David Reed was a tireless researcher for science and conservation. A rare individual who was able to impact a wide section of the global academic conservation community, from students to established researchers, in his sadly foreshortened 13-year career. His work ran the gamut of theoretical investigations of conservation genetics and evolutionary biology, to fragmentation effects on fish and spiders, and habitat selection of Asiatic black bears. He was a particularly energetic supporter of conservation research in Thailand and of Thai students studying in both Thailand and USA. His death of congestive heart failure at the age of 48 is a huge personal loss for many and a great loss for conservation biology.
At the time of his death, David was an Associate Professor and the Wallace Chair of Conservation at the University of Louisville (from 2009), an editor of Animal Conservation (from 2010, where he was formerly an associate editor 2007–2010), and Associate Editor of Conservation Genetics (from 2006) and the Journal of Wildlife Thailand (from 2011). He was author of at least 47 peer-reviewed publications with several more submitted, in press and in preparation, generally in collaboration with colleagues around the world, including several at the University of Aarhus, Denmark, and the University of Kentucky, USA.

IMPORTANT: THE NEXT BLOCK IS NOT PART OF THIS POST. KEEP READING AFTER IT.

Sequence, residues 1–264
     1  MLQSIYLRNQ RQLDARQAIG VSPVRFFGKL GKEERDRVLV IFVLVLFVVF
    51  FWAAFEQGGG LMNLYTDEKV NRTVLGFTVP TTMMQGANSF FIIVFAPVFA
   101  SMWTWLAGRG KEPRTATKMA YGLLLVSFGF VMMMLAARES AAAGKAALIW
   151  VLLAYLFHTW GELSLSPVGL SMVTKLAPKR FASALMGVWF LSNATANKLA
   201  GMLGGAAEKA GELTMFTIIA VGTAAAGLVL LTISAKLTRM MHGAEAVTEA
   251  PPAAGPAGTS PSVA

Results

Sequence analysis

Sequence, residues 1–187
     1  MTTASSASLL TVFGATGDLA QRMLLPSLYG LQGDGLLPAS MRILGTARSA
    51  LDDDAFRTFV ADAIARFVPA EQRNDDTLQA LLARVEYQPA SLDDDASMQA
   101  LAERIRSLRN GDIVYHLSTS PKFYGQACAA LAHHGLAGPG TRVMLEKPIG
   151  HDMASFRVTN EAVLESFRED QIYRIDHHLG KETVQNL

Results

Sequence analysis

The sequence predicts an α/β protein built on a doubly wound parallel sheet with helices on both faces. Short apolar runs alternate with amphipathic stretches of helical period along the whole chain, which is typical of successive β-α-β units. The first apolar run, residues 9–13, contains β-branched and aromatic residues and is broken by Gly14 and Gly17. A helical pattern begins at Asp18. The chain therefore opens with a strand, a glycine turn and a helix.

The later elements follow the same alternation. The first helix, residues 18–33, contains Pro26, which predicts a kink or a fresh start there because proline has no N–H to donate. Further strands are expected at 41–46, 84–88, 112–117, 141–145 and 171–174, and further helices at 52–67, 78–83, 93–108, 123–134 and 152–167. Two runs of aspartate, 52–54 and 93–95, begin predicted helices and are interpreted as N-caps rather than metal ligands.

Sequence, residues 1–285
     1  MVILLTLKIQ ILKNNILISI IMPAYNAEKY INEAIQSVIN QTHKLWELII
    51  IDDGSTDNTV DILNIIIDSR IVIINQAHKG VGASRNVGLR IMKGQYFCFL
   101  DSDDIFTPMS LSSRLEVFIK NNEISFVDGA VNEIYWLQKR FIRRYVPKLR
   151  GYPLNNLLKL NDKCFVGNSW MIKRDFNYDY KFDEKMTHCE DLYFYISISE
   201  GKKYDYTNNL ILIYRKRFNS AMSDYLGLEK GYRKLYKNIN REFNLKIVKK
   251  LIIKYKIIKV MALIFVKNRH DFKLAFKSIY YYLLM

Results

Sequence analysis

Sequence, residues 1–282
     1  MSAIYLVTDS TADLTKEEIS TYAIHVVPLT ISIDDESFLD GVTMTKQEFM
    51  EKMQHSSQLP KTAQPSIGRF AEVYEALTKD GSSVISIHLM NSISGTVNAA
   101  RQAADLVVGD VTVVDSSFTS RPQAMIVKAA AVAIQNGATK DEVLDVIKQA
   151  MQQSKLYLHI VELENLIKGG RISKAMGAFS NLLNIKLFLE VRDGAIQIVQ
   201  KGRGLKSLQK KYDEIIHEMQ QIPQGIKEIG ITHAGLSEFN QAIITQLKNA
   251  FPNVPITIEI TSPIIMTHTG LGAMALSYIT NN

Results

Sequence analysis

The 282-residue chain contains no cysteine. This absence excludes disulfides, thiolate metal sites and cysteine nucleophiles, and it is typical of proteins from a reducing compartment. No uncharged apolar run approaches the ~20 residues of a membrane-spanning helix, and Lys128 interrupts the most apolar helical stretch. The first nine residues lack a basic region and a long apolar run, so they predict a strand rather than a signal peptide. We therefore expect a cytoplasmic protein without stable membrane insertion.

David was born in Mount Holly, New Jersey, to parents of modest means. By the time he was an undergraduate it became clear to his teachers that he had substantial abilities in math and science, and he was strongly encouraged to continue his studies of these subjects. Following his father's death, also from heart failure at an early age, his family struggled financially. David funded some of his college and graduate education by joining the military and completed several years of military service, including a period in Germany. He also served as a military policeman. His first degree was in economics and statistics at Lincoln Memorial University in Tennessee (completed in 1988), after which he switched, fortunately for conservation, to biology for his PhD (completed in 1998). His doctoral work with Edwin Bryant at the University of Houston, Texas, involved research on conservation genetics of house flies – six papers were produced from this work, launching his career in the study of evolution and conservation. David then undertook a postdoctoral fellowship with Richard Frankham and David Briscoe at Macquarie University in Sydney, Australia (1999–2001), where he completed some of his most widely cited papers. His work with the Macquarie group resulted in 10 publications and one letter cited a total of 1208 times (Web of Knowledge, as at 31 October 2011), encompassing experimental work with Drosophila, meta-analyses and population viability analysis (PVA) computer modeling. Highlights of his senior-authored work were his seminal meta-analysis papers published with Richard Frankham, Correlation between fitness and genetic diversity (Conservation Biology, 2003, cited > 400 times) and How closely correlated are molecular and quantitative measures of genetic variation? A meta-analysis (Evolution, 2001, cited > 300 times), and his PVA paper Estimates of minimum viable population size for vertebrates and factors affecting those estimates (Biological Conservation, 2003, cited > 100 times) with three other Macquarie authors and Jonathan Ballou from the Smithsonian National Zoo, Washington, DC. After joining the faculty at the University of Mississippi, and later the University of Louisville, he continued to focus on the links between fitness, genetic diversity (especially inbreeding depression), minimum viable population size and habitat fragmentation. His work during this time included Extinction risk in fragmented habitats published in Animal Conservation in 2004, and a series of papers using seed-feeding beetles as a model system for the study of purging of the genetic load and the environmental sensitivity of inbreeding depression.